Reconnecting Then and Now – an Interview With Geheugen Van Nederland

Picture of By Justin Yeung

By Justin Yeung

Cultural heritage is an important shaping force in every society’s culture, as well as in its values and identities, as Geheugen van Nederland accurately captures. It is our pleasure to have Tal Groenman, the campaign manager from Geheugen van Nederland, to share some interesting viewpoints on their visions, Dutch visual culture and many more.

Organization – Vision and Mission 

Geheugen van Nederland (English: Memories of the Netherlands) is a collaborative campaign launched in July 2020 by a wide variety of art and cultural institutions, ranging from the globally known Tropenmuseum to local hidden gems like the Zuiderzeemuseum. Aiming to bring digital cultural heritage to the public, Geheugen van Nederland never stops inspiring the Dutch to explore the histories of their own through presenting intriguing narratives and audio-visual collections on social media.  

Internationally acknowledged institutions provide much of the content for the campaign. Nederlands Instituut voor Beeld en Geluid (English: Netherlands Institute for Sound and Vision), for instance, has provided the footage of The Beatles’ first time in Amsterdam.  

“We want to incorporate more perspectives in this campaign”, said Tal. Through cooperation with larger- and smaller-scale institutions, Geuheugen van Nederland not only explores enthralling stories, but also offers a platform for smaller institutions to gain exposure. Atria and Indisch Herinneringscentrum Den Haag (English: Indian Remembrance Centre) are perfect cases in point.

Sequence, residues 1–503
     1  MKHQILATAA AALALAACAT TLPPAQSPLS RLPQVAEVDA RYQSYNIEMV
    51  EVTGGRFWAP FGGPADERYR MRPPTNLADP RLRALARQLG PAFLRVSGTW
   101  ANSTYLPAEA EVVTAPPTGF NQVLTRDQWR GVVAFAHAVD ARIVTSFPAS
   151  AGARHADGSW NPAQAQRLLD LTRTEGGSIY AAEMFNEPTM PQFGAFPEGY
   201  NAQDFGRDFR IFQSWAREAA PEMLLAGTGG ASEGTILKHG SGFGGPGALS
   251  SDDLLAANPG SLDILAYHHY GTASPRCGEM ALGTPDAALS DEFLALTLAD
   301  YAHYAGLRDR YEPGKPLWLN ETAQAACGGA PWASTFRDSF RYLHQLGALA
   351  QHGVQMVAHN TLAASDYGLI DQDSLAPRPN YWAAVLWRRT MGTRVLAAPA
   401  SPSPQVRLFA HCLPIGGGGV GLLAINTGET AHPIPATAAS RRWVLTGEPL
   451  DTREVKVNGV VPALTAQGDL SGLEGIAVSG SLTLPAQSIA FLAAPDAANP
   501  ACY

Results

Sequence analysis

Exploring the Stories – Perspectives and Histories  

Geheugen van Nederland has currently 7 major themes on their website, to which new topics have been and will continue to be added every 2 to 3 months. “These themes have a lot to tell!”, Tal told us when asked about why they chose these in particular. Themes like Leven met Water (Living with water) and Dekolonisatie (Decolonization) are without doubts the important parts of the Dutch history.   

“Everyone will be swimming if there is no dyke in the Netherlands”, said Tal from Geheugen van Nederland. Living with water is, especially for the Dutch, a vital aspect of civilization, which is why Geheugen van Nederland devised the theme “Leven met Water” for the campaign. “It is very crucial to realize that we are part of that history (fighting against water). Water management and infrastructures are our proudest economic knowledge throughout the development of the Netherlands. We need to take our society along to this part of history.”  

The campaign zooms in the people’s lives, taking points of view of the individuals from the previously colonized regions rather than the Dutch society as whole.